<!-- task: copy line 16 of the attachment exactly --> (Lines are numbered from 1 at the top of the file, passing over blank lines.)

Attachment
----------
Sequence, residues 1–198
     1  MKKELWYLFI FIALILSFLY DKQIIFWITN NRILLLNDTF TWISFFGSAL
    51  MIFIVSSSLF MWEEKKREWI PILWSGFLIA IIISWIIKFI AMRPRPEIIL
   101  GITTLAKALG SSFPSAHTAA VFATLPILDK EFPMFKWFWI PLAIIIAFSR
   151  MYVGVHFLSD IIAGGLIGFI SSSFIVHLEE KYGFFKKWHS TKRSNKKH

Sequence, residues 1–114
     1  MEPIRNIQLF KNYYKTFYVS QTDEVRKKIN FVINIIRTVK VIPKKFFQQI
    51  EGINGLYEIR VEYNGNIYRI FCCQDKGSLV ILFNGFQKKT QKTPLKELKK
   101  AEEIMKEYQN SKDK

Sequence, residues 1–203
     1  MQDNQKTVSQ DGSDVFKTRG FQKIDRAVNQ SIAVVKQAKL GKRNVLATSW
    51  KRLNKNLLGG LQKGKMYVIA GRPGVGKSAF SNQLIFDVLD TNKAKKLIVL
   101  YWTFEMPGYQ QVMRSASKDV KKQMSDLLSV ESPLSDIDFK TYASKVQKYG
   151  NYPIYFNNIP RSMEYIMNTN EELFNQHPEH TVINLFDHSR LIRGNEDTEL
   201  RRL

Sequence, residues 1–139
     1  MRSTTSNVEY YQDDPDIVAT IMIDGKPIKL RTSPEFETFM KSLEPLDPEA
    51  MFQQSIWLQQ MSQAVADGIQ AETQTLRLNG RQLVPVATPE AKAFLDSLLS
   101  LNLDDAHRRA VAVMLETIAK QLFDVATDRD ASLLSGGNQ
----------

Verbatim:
Sequence, residues 1–139